Well...it's not The Sweeney, but it'll do. Acorn Media has released Special Branch: Set One, a slightly misleading moniker considering this is actually the third "series" (season) reboot, from 1973, of the Thames Television U.K. police procedural/spy series that originally premiered in 1969. Starring George Sewell, Patrick Mower, Roger Rowland, and Richard Leech, Special Branch: Set One works best if you're a nostalgic fan of location-heavy 70s British television―and precisely because of shows like Special Branch, there are plenty of those kinds of enthusiastic viewers, to this day, all over the world. An interview (from 2004) with the two leads is a small but welcome bonus for these okay-looking transfers.
The "Old Bill": The Metropolitan Police Service, London, 1973. Within the various divisions of what is otherwise affectionately known as "Scotland Yard," Special Branch's turf is anything that may disrupt England's national security, so it investigates crimes ranging from political sex scandals to mad bombers threatening to blow up Great Britain's computer databases. Cynical, hard-charging Detective Chief Inspector Alan Craven (George Sewell) apparently has seen it all in his years on the force, so he doesn't suffer fools gladly...especially when they're assigned as his sidekicks. Soft-spoken, educated Detective Sergeant Bill North (Roger Rowland) has come right out of "police school" after university; he has a knack for detail but a marked hesitation when it comes to action―a drawback that worries Craven in their frequent life-or-death assignments. Cocksure, intelligent Detective Chief Inspector Tom Haggerty (Patrick Mower), on the other hand, has no problem pulling the trigger when the need arises. However, Haggerty's flash attitude and insubordinate behavior grates on the non-descript Craven, who has enough trouble already at his job and in his personal life, what with constantly complaining girlfriend, nurse Pam Sloane (Sheila Scott-Wilkenson), beefing endlessly about Craven's time-consuming career. So when Craven gets his latest touch-and-go assignment from dour, disapproving, vinegary boss Chief Superintendent Knight (Richard Leech), he's in no mood to either hold somebody's hand, or reign in a rule-breaking smartass.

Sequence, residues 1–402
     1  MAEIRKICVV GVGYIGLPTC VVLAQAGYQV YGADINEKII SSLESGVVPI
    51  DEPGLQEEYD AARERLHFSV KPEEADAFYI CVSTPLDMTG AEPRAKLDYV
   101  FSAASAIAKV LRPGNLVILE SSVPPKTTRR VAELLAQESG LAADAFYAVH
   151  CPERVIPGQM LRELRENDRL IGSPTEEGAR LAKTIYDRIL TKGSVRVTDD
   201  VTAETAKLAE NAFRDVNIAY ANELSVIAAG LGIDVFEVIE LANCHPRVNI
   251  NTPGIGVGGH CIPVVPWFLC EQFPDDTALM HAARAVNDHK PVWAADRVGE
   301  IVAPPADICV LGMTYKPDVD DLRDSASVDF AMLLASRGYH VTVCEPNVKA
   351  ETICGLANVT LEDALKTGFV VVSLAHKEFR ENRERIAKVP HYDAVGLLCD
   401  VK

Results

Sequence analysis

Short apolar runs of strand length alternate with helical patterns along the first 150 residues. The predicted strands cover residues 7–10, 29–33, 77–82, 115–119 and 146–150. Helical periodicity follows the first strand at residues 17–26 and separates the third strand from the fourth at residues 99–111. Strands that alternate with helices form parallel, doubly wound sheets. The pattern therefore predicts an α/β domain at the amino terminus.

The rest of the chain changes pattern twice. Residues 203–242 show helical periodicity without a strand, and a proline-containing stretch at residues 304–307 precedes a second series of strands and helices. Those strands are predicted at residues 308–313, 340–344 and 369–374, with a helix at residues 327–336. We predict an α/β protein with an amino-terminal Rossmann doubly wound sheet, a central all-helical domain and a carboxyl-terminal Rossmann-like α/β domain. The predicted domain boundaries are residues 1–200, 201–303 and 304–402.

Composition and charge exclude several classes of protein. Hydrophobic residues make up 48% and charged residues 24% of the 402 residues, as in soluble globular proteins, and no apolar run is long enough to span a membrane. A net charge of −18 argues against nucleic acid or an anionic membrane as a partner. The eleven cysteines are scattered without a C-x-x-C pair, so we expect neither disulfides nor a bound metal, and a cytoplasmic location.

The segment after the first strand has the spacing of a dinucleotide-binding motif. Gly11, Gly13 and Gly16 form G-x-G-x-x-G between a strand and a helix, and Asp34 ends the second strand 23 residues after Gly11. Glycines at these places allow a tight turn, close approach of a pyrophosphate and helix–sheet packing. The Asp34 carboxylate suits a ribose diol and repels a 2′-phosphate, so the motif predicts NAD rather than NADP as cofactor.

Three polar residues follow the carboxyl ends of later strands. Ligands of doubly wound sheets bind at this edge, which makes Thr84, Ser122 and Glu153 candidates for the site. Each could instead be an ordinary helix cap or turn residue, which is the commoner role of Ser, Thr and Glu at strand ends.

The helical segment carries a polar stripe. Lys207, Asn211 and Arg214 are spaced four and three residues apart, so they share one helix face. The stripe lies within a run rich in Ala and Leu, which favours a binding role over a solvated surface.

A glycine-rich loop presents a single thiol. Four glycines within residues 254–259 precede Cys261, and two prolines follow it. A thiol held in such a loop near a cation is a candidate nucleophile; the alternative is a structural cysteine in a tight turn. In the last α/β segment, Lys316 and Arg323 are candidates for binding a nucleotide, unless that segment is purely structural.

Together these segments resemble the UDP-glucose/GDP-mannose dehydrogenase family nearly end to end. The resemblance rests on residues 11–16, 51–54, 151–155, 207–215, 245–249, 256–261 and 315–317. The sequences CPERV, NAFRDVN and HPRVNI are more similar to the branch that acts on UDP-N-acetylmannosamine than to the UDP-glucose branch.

To television enthusiasts and historians, Special Branch, regardless of how well it plays today, would be a noteworthy entry based solely on its historical claim to fame as the first production of the famed Euston Films division of Thames Television. In the late 60s/early 70s, Thames, a licensee of the British ITV television network―the first private competitor of the government-funded BBC network―took a page from fellow licensee ATV (better known here in the States as Sir Lew Grade's ITC, distributors of The Saint and The Prisoner series, among many others...and NOT The Avengers, by the way, as I mistakenly wrote earlier), and decided to concentrate on filmed series that could give U.K. TV audiences a "big screen" experience...while possibly appealing to international broadcast buyers like the U.S. looking for product. Euston Films, a separate division of Thames created in 1971, was primarily devoted to exploiting filmed drama and action stories on the cheap, though, since start-up costs for color television programming and increasingly intrusive government taxes had nixed the glossy, expensive 35mm film look of Grade's ITC efforts. A compromise to 16mm film stock (still better-looking than video), along with a hurried production schedule (10 days tops for a show, with minimal rehearsal and as much location work as possible to eliminate set building) was Euston Films' goal, and Special Branch was deemed a suitable trial offering.
Previously a studio-bound police procedural filmed on cheaper-looking black and white videotape, Special Branch premiered in 1969 and starred Derren Nesbitt (Where Eagles Dare) as Detective Chief Inspector Jordan of Met Pol's Special Branch. A mid-level show that ran two seasons, Special Branch was considered a safe, "known" property with the public, allowing for a smoother transition into Euston Films' proposed new production methods. Fans of the Euston Films' series already know their signature series, The Sweeney, perfectly epitomized this gritty, on-the-fly way of making television; Special Branch didn't achieve anywhere near that later series' critical or popular acclaim, nor did Special Branch fully embrace those new, breakneck production methods (it was done quick and fast...but it still has a pre-planned polish that comes from the earlier ITC era). However, it did lay the groundwork for titles like The Sweeney and Minder, and as such, it's an important entry into U.K. television history.